Healthy lifestyle after diabetes diagnosis reduces risk of CVD
Influence of Lifestyle on Incident Cardiovascular Disease and Mortality in Patients With Diabetes MellitusLiterature - Liu G, Li Y, Hu Y, et al. - J Am Coll Cardiol 2018;71:2867–76
Introduction and Methods
Lifestyle interventions, including high quality nutrition, smoking cessation, and physical activity, reduce the risk of CVD in general populations, as well as the risk of type 2 diabetes (T2DM), but it is not clear to what degree they limit the CVD risk after a T2DM diagnosis
In this analysis of 2 large prospective cohort studies of T2DM patients, healthy lifestyle practices after diabetes diagnosis and lifestyle factors before and after diabetes diagnosis were prospectively evaluated, and their associations with the subsequent risk of CVD incidence and CVD mortality were assessed.
For this purpose, participants in the Nurses’ Health Study (NHS) and the Health Professionals Follow-Up Study (HPFS) with incident diabetes diagnosed during follow-up were enrolled (1980-2012) . Findings were self-reported based on questionnaires that were assessed every 2-4 years. Those with T2DM, CVD, or cancer at baseline, as well as those with CVD before T2DM diagnosis or missing data were excluded, leaving a sample of 8,970 women in the NHS and 2,557 men in the HPFS with an average follow-up of 13.3 years.
The 4 modifiable lifestyle factors studied were diet, smoking status, alcohol consumption and physical activity. The quality of diet was evaluated based on the 2010 Alternate Healthy Eating Index (AHEI) score, and a low risk diet was defined by the top two-fifths of AHEI . Physical activity was defined as low risk when there was ≥150 min/week of ≥3 metabolic equivalents activity, and alcohol consumption was defined as low risk with 5-15 g/day for women and 5-30 g/day for men. For each low-risk lifestyle factor, one point was given if the study participant met the criterion for the low-risk category, or zero points otherwise.
The outcomes were CVD mortality and CVD incidence, defined as fatal and non-fatal stroke, and fatal and non-fatal coronary heart disease (CHD), including coronary artery bypass graft surgery and non-fatal myocardial infarction (MI).
- Compared with a 0 low-risk lifestyle factor, participants with ≥3 low-risk lifestyle factors had HRs of 0.48 (95%CI: 0.40-0.59) for total CVD incidence, 0.53 (95%CI: 0.42-0.66) for CHD incidence, 0.33 (95%CI: 0.21-0.51) for stroke incidence, and 0.32 (95%CI: 0.22-0.47) for CVD mortality (all P trend <0.001).
- The population-attributable risk for poor adherence to an overall healthy lifestyle (<3 low-risk factors) was 40.9% (95%CI: 28.5%-52.0%) for CVD mortality.
- Compared to no changes in lifestyle, participants who improved their lifestyle after the diabetes diagnosis had an HR of 0.79 (95%CI: 0.70-0.89) for total CVD incidence, 0.82 (95%CI: 0.72-0.94) for CHD incidence, 0.68 (95%CI: 0.52-0.89) for stroke incidence, and 0.80 (95%CI: 0.66-0.96) for CVD mortality (all P trend <0.001).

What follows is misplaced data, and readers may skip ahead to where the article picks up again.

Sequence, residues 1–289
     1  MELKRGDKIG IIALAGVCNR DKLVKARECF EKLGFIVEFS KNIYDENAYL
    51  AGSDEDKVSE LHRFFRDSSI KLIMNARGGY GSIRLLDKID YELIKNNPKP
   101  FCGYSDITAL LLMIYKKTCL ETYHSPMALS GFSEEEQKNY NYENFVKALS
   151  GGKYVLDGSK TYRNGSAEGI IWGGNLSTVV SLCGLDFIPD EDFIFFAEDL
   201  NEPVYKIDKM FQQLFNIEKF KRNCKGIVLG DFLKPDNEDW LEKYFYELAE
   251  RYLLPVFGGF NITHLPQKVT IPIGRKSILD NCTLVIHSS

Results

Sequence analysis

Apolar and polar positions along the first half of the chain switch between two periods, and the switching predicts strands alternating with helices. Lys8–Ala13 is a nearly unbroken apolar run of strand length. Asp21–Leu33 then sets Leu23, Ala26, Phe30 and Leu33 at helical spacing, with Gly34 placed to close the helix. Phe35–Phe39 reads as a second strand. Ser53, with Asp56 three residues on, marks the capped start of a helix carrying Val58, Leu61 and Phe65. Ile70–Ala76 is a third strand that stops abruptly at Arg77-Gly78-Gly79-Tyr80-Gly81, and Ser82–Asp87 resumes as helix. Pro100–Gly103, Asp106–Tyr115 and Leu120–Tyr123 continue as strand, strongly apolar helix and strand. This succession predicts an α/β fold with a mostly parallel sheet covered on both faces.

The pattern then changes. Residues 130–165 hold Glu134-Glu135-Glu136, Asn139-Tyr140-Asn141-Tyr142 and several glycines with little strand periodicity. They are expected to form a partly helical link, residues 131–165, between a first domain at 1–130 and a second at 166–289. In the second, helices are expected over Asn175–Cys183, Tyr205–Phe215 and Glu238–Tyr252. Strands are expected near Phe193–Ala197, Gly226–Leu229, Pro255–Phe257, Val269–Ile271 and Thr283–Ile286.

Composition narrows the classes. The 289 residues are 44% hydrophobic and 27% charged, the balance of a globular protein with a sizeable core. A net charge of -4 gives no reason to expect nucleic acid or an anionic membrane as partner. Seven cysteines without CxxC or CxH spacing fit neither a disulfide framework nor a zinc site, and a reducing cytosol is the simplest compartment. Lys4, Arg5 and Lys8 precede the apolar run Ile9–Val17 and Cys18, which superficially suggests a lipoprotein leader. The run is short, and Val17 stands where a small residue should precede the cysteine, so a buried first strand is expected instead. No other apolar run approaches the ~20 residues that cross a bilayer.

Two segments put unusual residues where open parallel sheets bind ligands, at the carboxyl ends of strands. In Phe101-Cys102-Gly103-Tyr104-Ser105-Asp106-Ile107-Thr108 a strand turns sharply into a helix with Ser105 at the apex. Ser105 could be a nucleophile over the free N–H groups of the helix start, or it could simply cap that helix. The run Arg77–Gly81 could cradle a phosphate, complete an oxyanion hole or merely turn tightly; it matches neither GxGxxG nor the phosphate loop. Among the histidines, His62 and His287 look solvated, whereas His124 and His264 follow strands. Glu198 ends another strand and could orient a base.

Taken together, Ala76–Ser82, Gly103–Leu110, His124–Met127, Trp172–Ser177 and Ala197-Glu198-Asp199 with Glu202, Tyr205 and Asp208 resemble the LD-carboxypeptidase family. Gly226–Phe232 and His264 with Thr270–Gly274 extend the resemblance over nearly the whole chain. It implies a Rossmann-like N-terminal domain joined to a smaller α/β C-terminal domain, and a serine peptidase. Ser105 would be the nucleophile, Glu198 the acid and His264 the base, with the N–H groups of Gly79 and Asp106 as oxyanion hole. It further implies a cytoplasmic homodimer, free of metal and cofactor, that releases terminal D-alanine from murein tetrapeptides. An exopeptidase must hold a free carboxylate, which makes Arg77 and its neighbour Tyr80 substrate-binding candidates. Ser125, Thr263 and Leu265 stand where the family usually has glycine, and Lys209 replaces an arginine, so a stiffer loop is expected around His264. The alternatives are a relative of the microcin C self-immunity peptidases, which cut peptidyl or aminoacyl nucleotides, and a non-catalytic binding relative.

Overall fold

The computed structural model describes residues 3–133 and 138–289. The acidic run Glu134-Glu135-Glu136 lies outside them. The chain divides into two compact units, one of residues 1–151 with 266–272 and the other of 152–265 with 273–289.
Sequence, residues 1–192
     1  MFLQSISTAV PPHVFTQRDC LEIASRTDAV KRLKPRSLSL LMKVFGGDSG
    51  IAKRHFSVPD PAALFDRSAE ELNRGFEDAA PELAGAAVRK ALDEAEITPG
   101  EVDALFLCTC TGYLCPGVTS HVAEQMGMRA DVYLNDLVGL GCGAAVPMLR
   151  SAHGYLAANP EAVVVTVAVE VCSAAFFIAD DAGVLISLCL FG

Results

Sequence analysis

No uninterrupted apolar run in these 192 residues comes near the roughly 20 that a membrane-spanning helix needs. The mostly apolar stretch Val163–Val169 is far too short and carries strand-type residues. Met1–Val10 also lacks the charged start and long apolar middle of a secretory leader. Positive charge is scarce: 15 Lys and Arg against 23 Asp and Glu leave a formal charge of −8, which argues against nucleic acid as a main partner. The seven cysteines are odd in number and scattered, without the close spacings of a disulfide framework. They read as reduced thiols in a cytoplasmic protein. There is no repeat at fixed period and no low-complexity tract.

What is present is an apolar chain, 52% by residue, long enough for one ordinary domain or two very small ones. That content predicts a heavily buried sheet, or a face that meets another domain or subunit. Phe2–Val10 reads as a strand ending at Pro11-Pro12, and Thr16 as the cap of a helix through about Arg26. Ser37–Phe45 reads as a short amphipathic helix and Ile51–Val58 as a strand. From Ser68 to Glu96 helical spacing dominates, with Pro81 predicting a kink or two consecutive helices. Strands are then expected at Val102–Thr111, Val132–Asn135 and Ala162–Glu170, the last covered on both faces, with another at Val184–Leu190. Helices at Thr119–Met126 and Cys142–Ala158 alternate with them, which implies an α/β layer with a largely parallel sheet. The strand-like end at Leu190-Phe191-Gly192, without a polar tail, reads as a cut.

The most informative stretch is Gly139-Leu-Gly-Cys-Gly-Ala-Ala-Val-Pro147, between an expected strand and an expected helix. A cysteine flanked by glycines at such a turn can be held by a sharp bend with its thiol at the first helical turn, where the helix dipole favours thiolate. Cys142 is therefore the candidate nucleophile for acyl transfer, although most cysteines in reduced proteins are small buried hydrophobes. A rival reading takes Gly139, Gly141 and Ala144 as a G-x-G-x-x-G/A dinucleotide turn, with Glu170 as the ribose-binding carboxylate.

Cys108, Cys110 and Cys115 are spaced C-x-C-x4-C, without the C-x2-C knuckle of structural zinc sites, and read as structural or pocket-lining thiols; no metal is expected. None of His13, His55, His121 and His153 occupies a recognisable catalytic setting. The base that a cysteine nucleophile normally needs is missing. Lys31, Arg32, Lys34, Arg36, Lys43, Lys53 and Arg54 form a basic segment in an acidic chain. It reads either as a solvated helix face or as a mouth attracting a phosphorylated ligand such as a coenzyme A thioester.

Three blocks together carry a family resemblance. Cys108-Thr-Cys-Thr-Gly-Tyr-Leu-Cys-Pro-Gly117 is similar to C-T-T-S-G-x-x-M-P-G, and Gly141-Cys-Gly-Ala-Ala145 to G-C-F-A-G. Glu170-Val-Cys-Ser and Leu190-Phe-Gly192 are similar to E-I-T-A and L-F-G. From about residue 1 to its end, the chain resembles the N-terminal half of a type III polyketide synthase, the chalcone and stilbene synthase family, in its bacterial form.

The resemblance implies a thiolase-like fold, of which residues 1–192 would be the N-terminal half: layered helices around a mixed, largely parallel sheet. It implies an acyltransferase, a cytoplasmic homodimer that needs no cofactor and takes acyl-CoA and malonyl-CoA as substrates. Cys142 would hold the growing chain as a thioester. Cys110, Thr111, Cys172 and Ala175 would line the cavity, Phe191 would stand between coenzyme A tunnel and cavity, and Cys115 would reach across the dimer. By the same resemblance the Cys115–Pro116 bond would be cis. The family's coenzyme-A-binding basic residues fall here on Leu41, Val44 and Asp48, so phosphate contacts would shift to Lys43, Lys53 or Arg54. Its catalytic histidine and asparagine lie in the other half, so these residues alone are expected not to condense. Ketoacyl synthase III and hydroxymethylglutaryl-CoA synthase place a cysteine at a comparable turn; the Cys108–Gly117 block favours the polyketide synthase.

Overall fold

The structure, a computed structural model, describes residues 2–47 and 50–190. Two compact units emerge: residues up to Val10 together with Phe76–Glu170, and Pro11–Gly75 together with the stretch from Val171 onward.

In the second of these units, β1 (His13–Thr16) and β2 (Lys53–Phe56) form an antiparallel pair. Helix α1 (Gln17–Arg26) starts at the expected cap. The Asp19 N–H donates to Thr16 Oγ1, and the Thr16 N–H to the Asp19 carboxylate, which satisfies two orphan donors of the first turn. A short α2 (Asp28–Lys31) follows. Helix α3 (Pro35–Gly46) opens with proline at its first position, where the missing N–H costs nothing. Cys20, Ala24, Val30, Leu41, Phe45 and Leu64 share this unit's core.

- For each number increment in low-risk lifestyle factors, there was a 14% lower risk of total CVD incidence, a 12% lower risk of CHD incidence, a 21% lower risk of stroke incidence, and a 27% lower risk of CVD mortality (all P< 0.001).
- Compared with maintaining a lifestyle score <2 after the diabetes diagnosis, participants who changed the lifestyle score from <2 to ≥2 after diabetes diagnosis had a 19% (95%CI: 8%-29%) lower risk of CVD incidence and a 20% (95%CI: 2%-34%) lower risk of CVD mortality.
Maintaining or changing to a healthy lifestyle after diabetes diagnosis is associated with a significantly lower risk of CVD incidence and CVD mortality. The greater the number of lifestyle improvements, the lower the CVD risk. These findings support the healthy lifestyle recommendations for T2DM patients.
In their editorial article, Connelly, Ghandi, and Horton  summarize the findings of Liu et al, and discuss the study limitations that include the homogeneity of the study population, consisting of health care professionals of high socioeconomic status, mainly Caucasian, the fact that participation in the study was voluntary, suggesting that participants were more adherent to implement lifestyle changes, and the use of questionnaires and self-reported findings, whose validity and reproducibility might be questionable. The authors conclude: ‘Lifestyle intervention in patients with T2DM remains low risk, cost effective, and relatively easy to integrate into health care delivery models. Despite this, important questions remain unanswered: which diet(s) are best? What quantity of alcohol is safe in this cohort? Is there a “minimum” or “maximum” amount of exercise and is the type of exercise important? How do we monitor compliance? Who should write the diet and exercise prescription—physicians or other health care professionals? How generalizable are these findings to other groups of different ethnicity and/or socioeconomic status? As practitioners managing patients with T2DM, we need to send a clear message that health care promotion, advocacy, and research should continue to focus on these healthy lifestyle factors not only to improve glycemic control, but to reduce overall cardiovascular risk. As society continues to evolve and becomes increasingly complex, it is important that we do not overlook the so-called simple and fundamental aspects of patient care and always return “back to basics.”